Parole is a conditional advance release of an inmate. The term Parole is a French word that means promise. It was incorporated into the criminal justice system in the mid-era to refer to inmates freed after promising to adhere to the set conditions. An Inmate released on parole is referred to as a parolee. A parolee has to strictly observe parole terms’ failure to which their release is might be revoked.

Types of parole

The conditions of parole differ from one state to the other. But ideally, there are three types of parole, namely;

  • Discretionary parole: This is a form of parole that is reviewed and granted by the parole board. The boards determine the eligibility, conditions, receives and reviews the application. It can grant or deny the parole.
  • Mandatory parole: This form of release is provided for by the law and thus not determined by a parole board. It is often regarded as a “good time.”
  • Special needs parole: Involves early release of mentally ill or physically impaired prisoners. The parolee under this condition should not be a threat to security.
  • Expiatory parole: This is a form of release granted to the offenders who have completed their sentence in prison.

Terms and condition of parole

We started by stating that parole is conditional. In addition, the conditions set for a parolee to obey are subject to the magnitude of their committed offense and their conduct in prison. That said, there some universal conditions that parolees must observe. They include:

  • retain a job and residence,
  • desist from using drugs or alcohol,
  • report to a supervisor/ parole officer frequently,
  • tame their movements unless authorized,
  • participate in drug or alcohol recovery conferences and meetings,
  • refrain from engaging in criminal activities,
  • dissociate from people likely to commit a similar crime.

Eligibility for release on parole

The eligibility for release on parole varies from state to state. For example, in New York State, the New York State Board of Parole is the exclusive body responsible for granting or denying parole. For inmates serving indeterminate sentences, the NYS Board of parole decides whether to grant or deny parole to eligible candidates. For determinate cases, the prisoner must serve over 85% of their term in custody to qualify for parole.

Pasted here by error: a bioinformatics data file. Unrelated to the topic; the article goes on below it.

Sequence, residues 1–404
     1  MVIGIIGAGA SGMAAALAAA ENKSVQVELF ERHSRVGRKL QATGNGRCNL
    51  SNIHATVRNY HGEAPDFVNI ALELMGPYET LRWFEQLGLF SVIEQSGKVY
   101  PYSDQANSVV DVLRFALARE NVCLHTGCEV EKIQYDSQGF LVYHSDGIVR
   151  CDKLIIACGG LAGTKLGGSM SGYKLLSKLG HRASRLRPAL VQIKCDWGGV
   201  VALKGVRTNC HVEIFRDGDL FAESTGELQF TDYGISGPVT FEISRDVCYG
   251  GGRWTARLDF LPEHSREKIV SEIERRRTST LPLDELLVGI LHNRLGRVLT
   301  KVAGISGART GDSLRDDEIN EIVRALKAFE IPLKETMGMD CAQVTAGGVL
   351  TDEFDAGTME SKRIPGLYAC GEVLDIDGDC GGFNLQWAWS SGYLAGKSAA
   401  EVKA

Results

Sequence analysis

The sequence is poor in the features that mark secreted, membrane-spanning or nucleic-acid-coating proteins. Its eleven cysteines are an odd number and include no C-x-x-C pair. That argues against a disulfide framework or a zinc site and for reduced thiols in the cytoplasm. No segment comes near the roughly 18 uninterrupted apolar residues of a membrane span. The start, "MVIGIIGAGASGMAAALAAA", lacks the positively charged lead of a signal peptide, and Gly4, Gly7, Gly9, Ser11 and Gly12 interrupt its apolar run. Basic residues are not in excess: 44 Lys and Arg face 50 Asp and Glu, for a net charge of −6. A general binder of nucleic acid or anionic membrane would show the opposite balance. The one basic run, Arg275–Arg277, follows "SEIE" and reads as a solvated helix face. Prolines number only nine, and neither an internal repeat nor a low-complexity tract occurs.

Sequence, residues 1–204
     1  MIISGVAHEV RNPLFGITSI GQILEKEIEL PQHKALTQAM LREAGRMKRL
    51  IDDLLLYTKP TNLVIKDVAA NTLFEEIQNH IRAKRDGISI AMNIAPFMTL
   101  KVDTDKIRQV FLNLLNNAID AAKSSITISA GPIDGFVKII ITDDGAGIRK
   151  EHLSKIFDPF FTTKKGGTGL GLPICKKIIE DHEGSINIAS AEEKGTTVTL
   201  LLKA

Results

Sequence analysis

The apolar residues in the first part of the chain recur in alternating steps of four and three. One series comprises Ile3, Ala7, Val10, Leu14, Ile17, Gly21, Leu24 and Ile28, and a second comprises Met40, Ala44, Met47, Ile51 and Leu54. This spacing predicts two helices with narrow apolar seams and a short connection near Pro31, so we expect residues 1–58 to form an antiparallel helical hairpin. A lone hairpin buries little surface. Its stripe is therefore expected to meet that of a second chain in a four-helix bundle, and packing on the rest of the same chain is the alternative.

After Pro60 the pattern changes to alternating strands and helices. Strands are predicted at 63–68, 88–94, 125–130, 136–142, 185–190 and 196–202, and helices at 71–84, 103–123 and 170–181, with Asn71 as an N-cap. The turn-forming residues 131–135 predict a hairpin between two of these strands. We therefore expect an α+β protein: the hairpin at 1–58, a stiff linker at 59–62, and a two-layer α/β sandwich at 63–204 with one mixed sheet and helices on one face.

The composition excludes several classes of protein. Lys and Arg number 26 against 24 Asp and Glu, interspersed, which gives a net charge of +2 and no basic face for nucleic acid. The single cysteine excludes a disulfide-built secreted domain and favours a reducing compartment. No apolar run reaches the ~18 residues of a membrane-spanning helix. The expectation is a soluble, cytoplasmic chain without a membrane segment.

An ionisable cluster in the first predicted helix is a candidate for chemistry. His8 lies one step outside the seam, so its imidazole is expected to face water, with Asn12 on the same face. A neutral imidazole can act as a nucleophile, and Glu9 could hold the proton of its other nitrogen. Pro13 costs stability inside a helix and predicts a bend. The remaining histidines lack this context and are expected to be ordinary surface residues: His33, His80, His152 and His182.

Consequences of violating parole conditions

If a parolee breaches the conditions of their parole, their supervisor will issue them with a parole violation. Fortunately, not all infringements will drive you back to custody or to confinement. In fact, negligible violations, like taking alcohol, may merely need more counseling and alcohol-related treatment. Nevertheless, the worst you’ll expect is to serve your whole prison term behind bars.

In case you breach parole, your supervisor or parole officer might appeal for a parole hearing. In the course of the hearing, a judge or a board will listen to your presumed violation. They will then examine the conditions of your infringement. Then, they will determine how to settle it. This could mean you will be returned to prison or added more terms on your parole.

Importance of parole

  • It helps prisoners to adjust and reenter the society
  • Lowers costs of running prisons and jails
  • It minimizes congestion in prisons


Parole is a conditional early release. Its terms differ from state to state. Prisoners who are least likely to endanger the public safety can be released on parole if they are eligible.

The New York State Board of Parole has the mandate to examine and grant or decline parole in New York State. In New York, a prisoner has to serve over 85% of his/her sentence to be eligible for parole

Parole decongests prisons, cuts running costs, and helps offenders adjust to life out of custody.

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